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Would The U.S. Withdraw Troops From South Korea?

U.S. and South Korean soldiers sit inside an amphibious vehicle during an annual joint military landing exercise in Pohang, on South Korea's southeast coast, in March 2016.
Ed Jones
AFP/Getty Images
U.S. and South Korean soldiers sit inside an amphibious vehicle during an annual joint military landing exercise in Pohang, on South Korea's southeast coast, in March 2016.

American troops have been stationed on the Korean Peninsula for nearly 70 years. More recently they've become something of a political football.

North Korea wants them out as part of any nuclear deal. South Korea wants them to stay to help with its defense. And President Trump is considering reducing their numbers to save money.

When the president recently canceled the planned summit with North Korean leader Kim Jong Un, U.S. defense spending in the region was also apparently on his mind. He said South Korea and Japan are not only ready should North Korea take any "foolish or reckless acts," but those countries would "shoulder much of the cost of any financial burden" on the United States for any military operations.

The U.S. has about 28,000 service members on the Korean Peninsula. Currently, the operations they engage in are for training.

Each year, U.S. and South Korean troops dash along a wooded trail at a training range north of Seoul. Some fire machine guns and launch mortars. Others are in tanks or warplanes, trying to push back an imagined invasion. It's an annual exercise called Foal Eagle and thousands of soldiers take part.

"You are trying to coordinate and synchronize artillery, maneuver, direct fire from tanks and helicopter," says retired Army Gen. Walter "Skip" Sharp, who commanded U.S. forces in South Korea for three years until 2011. "And all of that being done in a live-fire scenario. You'll bring targets up in sequence like someone is attacking."

That someone being North Korean forces, streaming across the border. Sharp says Pyongyang complains each year about Foal Eagle. But they conduct similar live-fire scenarios.

"They have exercises very much like this," says Sharp. "They have a winter and a summer training cycle."

Still, North Korea recently canceled a meeting with South Korea because of the Foal Eagle exercise, charging it was a dress rehearsal for an attack on the North, and brushing aside U.S. officials who said the exercise is only defensive.

And the North has also suggested U.S. troops should be removed as part of any deal to eliminate its nuclear weapons program. The South has said the U.S. military presence should not be a bargaining chip, and that any reduction of American troops should be decided separately between the governments in Seoul and Washington.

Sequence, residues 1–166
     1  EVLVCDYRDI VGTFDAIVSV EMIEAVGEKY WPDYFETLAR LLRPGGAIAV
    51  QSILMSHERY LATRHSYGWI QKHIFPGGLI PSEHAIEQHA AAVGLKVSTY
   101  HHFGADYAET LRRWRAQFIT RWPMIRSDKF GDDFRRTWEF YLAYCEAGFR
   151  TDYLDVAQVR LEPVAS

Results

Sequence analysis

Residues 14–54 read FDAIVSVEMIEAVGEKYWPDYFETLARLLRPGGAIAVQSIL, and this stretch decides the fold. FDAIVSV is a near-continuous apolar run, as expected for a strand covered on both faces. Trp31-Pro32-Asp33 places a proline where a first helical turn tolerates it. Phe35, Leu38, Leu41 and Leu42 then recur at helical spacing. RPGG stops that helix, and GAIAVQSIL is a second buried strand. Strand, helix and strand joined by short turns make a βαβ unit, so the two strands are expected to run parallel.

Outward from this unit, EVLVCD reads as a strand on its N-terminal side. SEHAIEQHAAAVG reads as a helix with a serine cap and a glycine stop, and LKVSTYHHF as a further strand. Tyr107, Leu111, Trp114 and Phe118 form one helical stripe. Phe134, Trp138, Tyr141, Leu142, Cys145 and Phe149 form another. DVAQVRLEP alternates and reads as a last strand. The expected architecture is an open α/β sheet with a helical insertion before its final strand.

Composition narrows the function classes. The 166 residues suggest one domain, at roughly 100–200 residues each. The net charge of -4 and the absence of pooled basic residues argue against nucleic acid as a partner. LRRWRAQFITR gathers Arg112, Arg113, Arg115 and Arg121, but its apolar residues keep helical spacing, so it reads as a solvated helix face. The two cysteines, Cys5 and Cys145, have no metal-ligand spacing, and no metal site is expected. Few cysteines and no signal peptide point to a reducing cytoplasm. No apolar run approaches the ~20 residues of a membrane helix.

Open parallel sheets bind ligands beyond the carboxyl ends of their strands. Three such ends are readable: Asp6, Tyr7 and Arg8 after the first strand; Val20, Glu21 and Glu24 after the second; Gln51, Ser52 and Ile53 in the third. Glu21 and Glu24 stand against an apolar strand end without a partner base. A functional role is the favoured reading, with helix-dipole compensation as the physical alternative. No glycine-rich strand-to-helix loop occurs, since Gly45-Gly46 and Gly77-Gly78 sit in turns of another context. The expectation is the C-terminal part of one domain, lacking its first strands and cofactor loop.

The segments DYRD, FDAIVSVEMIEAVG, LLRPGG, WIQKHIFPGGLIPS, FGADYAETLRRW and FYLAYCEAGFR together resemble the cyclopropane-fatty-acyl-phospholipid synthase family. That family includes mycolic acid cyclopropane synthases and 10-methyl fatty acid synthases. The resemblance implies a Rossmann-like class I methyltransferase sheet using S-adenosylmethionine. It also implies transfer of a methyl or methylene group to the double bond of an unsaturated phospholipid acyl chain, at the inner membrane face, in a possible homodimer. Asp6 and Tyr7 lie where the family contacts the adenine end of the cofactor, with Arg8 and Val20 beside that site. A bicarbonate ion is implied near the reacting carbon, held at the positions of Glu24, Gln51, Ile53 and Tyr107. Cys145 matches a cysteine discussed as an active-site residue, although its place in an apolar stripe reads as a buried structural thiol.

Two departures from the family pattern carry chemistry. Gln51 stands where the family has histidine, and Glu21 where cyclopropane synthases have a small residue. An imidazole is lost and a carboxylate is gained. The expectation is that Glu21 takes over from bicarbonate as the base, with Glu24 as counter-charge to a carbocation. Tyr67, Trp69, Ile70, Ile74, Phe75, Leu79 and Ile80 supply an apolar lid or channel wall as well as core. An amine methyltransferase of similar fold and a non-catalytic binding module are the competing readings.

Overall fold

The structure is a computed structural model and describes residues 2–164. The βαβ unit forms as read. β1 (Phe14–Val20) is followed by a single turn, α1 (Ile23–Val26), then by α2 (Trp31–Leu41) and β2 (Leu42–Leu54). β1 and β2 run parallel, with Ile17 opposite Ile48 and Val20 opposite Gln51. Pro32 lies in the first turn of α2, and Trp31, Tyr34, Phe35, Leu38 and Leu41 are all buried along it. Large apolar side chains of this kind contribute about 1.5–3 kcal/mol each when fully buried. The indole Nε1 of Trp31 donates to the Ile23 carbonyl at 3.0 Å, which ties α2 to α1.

President Trump recently told reporters that U.S. troops were not on the table, but he still complained about the expense. "Now I have to tell you at some point into the future, I would like to save the money," Trump said.

Analysts say South Korea spends about $800 million a year for U.S. forces, about half of the cost.

All the talk about American forces there raises the question: Why does the U.S. still need troops in South Korea, a country which has created a formidable military that takes part in peacekeeping missions around the world?

Sen. Roy Blunt of Missouri posed this question to Defense Secretary Jim Mattis, appearing before a group of lawmakers earlier in May to discuss the president's 2019 budget request.

"What do you see as the importance of our presence, not only in the Korean Peninsula but also in our regional presence?" Blunt asked.

"The presence of our forces there is a stabilizing presence," Mattis said. "The Americans are committed and this resonates among allies."

American troops in South Korea are not just there to halt an attack from the North, but to protect allies like Japan.

Victor Cha, who was an Asian affairs adviser to former President George W. Bush, supports that.

"Whether we like it or not, since the end of World War II, the United States has been a Pacific power in Asia that has maintained its credibility and its commitments to governments in the region by our troop presence there," Cha says.

America's troop presence also has economic considerations, he explains.

"I mean that has been the nature of the U.S. commitment to show that we will be there to protect sea lanes to prevent the rise of another hegemon in the region," says Cha, "and that has stabilized not just the politics of the region but also the markets."

But Doug Bandow, a foreign affairs analyst who worked in the Reagan White House, has another view of U.S. troops in South Korea.

"Well they're no longer necessary," says Bandow.

They were, he says, back in 1953, when an armistice was signed to cease the Korean War, the South was weak and the war could have reignited. At that time there were some 327,000 U.S. military personnel there.

"You know today, South Korea has something around 45 times the GDP [and] about twice the population of the North," says Bandow, "so there's no reason why the South cannot build a military sufficient to deter and somehow defeat, if necessary, the North."

There are plenty of U.S. service members elsewhere in Asia but the ones in South Korea, he says, just aren't needed.

"They don't add much to South Korea's defense," Bandow says. "They simply allow South Korea to spend less on their military."

This isn't the first time a president has suggested removing U.S. troops from South Korea.

President Jimmy Carter raised the idea in the 1970s, partly as a way to save money. His advisers strongly opposed it, including an American general in South Korea — who was removed for criticizing the plan.

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Tom Bowman is a NPR National Desk reporter covering the Pentagon.
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